This is the only book you ll need to learn the craft and art of upholstery from start to finish. With clear instructions illustrated by more than 900 step-by-step photographs, the five projects included here are designed to teach all of the techniques and skills you need to reupholster any piece of furniture to suit your own taste and style.
Spruce: A Step by Step Guide to Upholstery and Design
Brown, Amanda. (2013). [Genre: Design, DIY]
I received at advance reader copy of this title thanks to Storey Publishing. All opinions are my own.
Upholstery is something I've been wanting to dabble my hand in for a long while. I've even checked out a few books from the library on the topic. But all the books I've found have been at least 30 years old, with limited scope and confusing/lacking instructions. Or some combination there of. Spruce is different.
Firstly, its clean and modern. The pages aren't to cluttered, there's lots of white space and it has a nice, easy on the eye colour palette. So much better than all those 70's titles with orange drawings and so much small, crammed text that it's enough to make your head explode. The approach in Spruce is deceptively simple. It only contains 5 in-depth projects: an ottoman, a three-seater sofa, a wing back chair, a pair of slipper chairs and a louis chair. But it provides a genius mix-and-match guide which means that with a little in-depth reading and minimal adapting, you can reupholster anything yourself. It's surprisingly effective; reading through the instructions for each piece it was easy to see how they could be applied to completely different pieces. A final chapter gives helpful (if not as detailed) instructions for sewing matching soft furnishings. The appendix contains plenty (like a bucketload) of useful advice, from essentials in settling up your own upholstery business to fabric variations.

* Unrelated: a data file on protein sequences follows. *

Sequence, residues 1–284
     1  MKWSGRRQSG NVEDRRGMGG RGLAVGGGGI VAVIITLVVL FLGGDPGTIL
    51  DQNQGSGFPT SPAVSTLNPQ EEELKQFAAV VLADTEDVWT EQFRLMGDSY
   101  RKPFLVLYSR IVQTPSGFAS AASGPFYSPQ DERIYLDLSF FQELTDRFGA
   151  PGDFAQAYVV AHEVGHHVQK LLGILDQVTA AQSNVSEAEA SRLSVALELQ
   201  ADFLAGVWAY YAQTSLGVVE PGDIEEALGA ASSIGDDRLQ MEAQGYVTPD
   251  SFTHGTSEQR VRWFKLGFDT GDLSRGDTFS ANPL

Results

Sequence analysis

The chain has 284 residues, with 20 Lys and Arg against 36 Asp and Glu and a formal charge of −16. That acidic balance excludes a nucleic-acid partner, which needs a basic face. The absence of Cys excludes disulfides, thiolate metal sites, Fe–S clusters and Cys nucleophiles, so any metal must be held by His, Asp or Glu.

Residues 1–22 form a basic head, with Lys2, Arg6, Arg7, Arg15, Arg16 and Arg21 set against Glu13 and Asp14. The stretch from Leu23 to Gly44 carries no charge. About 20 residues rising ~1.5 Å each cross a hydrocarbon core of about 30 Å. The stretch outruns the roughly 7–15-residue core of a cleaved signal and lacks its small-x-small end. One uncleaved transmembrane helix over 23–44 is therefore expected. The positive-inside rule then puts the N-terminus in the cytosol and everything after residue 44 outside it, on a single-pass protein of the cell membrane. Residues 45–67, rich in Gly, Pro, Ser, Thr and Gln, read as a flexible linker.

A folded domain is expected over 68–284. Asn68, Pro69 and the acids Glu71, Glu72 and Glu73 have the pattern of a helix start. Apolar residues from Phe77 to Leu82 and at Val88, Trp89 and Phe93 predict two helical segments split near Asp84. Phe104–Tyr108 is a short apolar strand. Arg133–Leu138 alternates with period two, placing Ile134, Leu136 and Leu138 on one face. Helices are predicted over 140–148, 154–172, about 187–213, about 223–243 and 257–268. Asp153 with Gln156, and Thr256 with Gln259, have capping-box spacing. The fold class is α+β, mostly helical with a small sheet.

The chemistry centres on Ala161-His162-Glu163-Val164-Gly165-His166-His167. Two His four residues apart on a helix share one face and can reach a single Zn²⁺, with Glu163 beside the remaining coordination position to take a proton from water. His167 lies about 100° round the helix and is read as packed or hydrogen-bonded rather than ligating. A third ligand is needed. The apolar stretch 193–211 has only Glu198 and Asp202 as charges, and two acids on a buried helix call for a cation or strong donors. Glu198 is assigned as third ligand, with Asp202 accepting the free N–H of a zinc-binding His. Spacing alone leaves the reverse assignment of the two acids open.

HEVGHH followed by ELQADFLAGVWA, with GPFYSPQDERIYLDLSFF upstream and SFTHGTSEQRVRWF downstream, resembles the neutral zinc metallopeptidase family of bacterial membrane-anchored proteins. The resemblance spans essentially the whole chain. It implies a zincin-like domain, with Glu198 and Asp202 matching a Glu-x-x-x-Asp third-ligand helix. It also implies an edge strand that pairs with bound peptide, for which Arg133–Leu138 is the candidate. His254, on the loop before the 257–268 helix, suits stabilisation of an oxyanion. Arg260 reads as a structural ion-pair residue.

The instructions in Spruce are detailed, thorough and seem achievable if you follow them closely and carefully. The photos and drawings are very clear, and add to the instructions rather than making them more complex.
If I have one small criticism to make its that I wouldn't feel comfortable as a DIY-er just jumping in to upholstery on a Sunday afternoon with this book as my guide. Spruce is almost too professional. The tools are numerous and expensive, the processes lengthy. To some extent this is the reality of fantastic looking upholstery, but on the other hand I've seen other titles that are far more DIY friendly (even if offering a less polished look).
Overall, Spruce is a genuinely interesting and attractive package. Even if it made me more scared of home upholstery than I was before. I'm not sure if I'll be tackling my old wingback quite yet.
Spruce: A Step by Step Guide to Upholstery and Design comes out October 2nd